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Do ISIS fighters hide their faces because they are ashamed of themselves and wha

  1. gregas profile image80
    gregasposted 14 months ago

    Do ISIS fighters hide their faces because they are ashamed of themselves and what they are doing?

    If they are so proud of what they are doing, why do they hide their faces? And I am talking about the fighters, not the women.

  2. lovemychris profile image58
    lovemychrisposted 14 months ago

    so you cant see that they're actually european and american mercenaries screaming allah akbar?

    1. wrenchBiscuit profile image83
      wrenchBiscuitposted 14 months agoin reply to this

      I agree.Good answer. ISIS headquarters is in Washington D.C..

    2. lovemychris profile image58
      lovemychrisposted 14 months agoin reply to this

      trained by mossad.

  3. Ericdierker profile image56
    Ericdierkerposted 14 months ago

    Our special forces often do it also. Probably different reasons. Or maybe the same. You are in the field of combat. But you also live a life away from the combat. Better to keep your identity unknown unless you want a drone attack on your home. Or a bomb in your car.
    An interesting note here. In much of the USA if you commit a misdemeanor (petty crime) the punishment is usually pretty light. But if you commit a misdemeanor with a disguise or say a ski mask to hide your identity it could be a serious felony.
    So maybe the answer is fear.

  4. Glenis Rix profile image99
    Glenis Rixposted 14 months ago

    Because they don't want to be identified and perhaps they believe that there is something intimidating about a person who has concealed his face.
    Whatever. If the god that they claim  to support exists then he certainly doesn't condone their actions and they can't hide from him.

    1. gregas profile image80
      gregasposted 14 months agoin reply to this

      If you ask me, if you came face to face with them, it would just make it easier to kill them. Nothing personal.

  5. Russell Rigsby profile image78
    Russell Rigsbyposted 14 months ago

    For centuries before ISIS ever materialized, organized extremists from various cultures throughout the world conceal their individual identities in order to remain fluid and seamless within society otherwise. One example would be the Klu Klux Klan, whose members quite often comprise local officials and entrepreneurs that thrive in their social network while also serving their collective extremist views as supremacists.

    Like any other fundamentalist or extremist organization, its members are not only unashamed but are often indoctrinated to perceive their actions as direct preservation of idealisms under threat by any social culture or organization deemed unworthy through their seemingly antithetical composition. A belief of such intensity most always extends beyond instinctual human morality and into the realm of distortion of reality, typically being instrumented by one person or select group of persons that are gradually supported by followers whose impressionism often leads them to commit acts of allegiance considered by most to be incomprehensible in nature, i.e. Hitler and the subsequent genocide of Jewish people through various forms of extermination by german soldiers.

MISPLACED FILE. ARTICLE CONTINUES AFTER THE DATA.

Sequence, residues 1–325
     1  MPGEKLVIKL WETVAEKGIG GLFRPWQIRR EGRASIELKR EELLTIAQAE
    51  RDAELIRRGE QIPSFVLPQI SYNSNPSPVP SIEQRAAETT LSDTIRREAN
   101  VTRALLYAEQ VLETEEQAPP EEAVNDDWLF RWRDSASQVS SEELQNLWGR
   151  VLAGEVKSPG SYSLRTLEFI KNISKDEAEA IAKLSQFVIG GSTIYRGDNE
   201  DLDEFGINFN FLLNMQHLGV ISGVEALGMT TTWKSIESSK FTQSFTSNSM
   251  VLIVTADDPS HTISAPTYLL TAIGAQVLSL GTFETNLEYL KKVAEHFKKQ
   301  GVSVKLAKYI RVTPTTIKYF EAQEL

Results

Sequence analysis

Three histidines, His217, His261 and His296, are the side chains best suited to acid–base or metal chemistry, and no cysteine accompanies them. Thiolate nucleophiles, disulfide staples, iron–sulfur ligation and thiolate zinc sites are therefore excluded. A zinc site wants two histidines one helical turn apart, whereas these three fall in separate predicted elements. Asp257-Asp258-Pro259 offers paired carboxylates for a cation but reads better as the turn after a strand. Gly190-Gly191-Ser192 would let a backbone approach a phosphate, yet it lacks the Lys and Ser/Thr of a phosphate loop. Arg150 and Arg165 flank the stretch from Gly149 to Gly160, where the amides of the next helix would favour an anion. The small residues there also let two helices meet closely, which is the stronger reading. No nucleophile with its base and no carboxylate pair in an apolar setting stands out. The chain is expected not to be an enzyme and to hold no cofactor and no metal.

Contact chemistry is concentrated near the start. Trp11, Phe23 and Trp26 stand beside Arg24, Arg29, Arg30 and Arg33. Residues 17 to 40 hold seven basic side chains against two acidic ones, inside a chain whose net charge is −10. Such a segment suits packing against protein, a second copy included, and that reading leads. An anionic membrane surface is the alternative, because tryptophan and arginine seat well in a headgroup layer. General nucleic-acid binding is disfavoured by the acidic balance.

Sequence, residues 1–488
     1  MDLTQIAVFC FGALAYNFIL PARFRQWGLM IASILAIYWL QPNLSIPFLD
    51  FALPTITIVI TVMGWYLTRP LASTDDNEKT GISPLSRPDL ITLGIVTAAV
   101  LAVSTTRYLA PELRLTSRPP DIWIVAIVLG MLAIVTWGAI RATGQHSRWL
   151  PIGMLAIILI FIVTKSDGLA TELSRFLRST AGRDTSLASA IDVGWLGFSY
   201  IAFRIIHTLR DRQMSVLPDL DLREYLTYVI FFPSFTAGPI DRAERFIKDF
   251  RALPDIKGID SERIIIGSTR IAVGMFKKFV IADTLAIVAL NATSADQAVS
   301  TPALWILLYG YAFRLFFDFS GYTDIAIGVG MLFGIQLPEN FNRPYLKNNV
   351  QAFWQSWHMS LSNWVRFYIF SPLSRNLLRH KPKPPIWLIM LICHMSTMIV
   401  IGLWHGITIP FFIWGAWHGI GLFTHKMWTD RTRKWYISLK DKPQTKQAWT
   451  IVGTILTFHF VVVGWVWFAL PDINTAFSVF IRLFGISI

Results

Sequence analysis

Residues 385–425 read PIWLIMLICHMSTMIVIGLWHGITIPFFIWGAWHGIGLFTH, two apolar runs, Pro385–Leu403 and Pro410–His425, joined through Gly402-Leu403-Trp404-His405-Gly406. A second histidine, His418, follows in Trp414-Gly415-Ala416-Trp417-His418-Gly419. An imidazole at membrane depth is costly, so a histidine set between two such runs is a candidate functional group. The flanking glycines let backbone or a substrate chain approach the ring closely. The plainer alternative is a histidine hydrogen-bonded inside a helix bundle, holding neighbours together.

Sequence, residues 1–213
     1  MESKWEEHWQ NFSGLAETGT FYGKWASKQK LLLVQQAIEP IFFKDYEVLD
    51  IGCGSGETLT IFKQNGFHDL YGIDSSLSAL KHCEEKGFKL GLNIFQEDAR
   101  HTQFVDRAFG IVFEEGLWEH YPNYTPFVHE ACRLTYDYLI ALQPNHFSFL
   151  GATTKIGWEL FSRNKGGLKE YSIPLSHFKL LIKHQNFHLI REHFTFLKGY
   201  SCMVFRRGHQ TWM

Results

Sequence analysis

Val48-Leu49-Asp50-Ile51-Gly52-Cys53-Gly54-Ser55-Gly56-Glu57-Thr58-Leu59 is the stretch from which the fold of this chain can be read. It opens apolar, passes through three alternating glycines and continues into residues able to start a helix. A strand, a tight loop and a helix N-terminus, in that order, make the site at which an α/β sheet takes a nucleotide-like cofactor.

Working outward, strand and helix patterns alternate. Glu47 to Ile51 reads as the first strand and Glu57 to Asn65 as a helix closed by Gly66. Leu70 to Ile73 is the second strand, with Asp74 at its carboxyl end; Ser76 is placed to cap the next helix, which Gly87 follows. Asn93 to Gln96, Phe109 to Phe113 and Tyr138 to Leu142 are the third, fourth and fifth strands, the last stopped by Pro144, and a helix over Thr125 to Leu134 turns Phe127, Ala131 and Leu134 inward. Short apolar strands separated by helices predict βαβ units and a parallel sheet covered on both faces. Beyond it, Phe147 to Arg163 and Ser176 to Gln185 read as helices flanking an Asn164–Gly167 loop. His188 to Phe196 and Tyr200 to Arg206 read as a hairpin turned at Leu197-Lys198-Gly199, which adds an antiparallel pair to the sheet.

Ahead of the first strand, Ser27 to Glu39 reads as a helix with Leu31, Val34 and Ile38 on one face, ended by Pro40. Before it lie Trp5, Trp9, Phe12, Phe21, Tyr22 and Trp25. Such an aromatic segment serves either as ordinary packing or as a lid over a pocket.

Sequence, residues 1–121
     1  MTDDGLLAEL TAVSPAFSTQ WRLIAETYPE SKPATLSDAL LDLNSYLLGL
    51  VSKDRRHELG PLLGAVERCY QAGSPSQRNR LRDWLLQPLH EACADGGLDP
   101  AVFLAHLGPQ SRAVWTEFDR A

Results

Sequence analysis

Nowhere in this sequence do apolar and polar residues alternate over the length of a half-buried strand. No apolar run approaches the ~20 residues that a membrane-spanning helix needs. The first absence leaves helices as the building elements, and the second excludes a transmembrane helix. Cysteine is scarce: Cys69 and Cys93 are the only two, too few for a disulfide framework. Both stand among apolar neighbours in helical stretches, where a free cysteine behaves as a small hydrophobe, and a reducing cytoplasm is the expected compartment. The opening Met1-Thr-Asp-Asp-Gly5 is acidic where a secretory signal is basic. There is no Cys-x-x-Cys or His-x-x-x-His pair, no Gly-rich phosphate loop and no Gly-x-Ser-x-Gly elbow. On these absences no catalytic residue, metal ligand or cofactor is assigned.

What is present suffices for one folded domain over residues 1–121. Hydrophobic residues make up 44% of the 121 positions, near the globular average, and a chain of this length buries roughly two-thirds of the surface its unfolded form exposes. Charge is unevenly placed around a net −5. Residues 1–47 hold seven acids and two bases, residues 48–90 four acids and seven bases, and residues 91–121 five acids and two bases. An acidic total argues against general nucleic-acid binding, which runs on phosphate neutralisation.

So the question of whether a moral impression influences ISIS members is answered by a study of historical patterns among similar organizations. As prosocial humans, we struggle to understand just how far the reach of extremism can go in the demonstration of unspeakable acts and in ourselves, believe that no human being could be capable of such without struggling to overcome shame or intense moral conflict.

    It is not within the struggle of a moral framework that ISIS engages its policies but rather a singular idealism, an extremism void of any balance by moral virtue. The acts of violence toward transgressors are imposed purely as the most extreme measure believed necessary to invoke submission to a strict fundamental rule or law that is idealist in form, one that is unfortunately formed in the absence of recognition to human frailty.

    The abandonment of some members to its extremism is also a manifestation that is strictly individual in context rather than any representation of the collective mindset which fuels or drives such organizations. It is understandable that a moral conflict can and does arise within its members, but again important to note that it occurs among its followers to the idealism rather than the founders.

    1. Ericdierker profile image56
      Ericdierkerposted 14 months agoin reply to this

      I have a little trouble with a vacuum of morals. Sounds more like a vacuum of what you call morals. It seems we could have morals about extremism. "Strange" albeit. I am just throwing it out there. Great answer.

  6. tamarawilhite profile image92
    tamarawilhiteposted 14 months ago

    No they are not ashamed of themselves; if they were, they'd have left ISIS.
    By hiding their faces, they can't be recognized if they take off the Islamic fundamentalist garb to blend in with civilians or be clearly identified by intelligence services that could go after their families.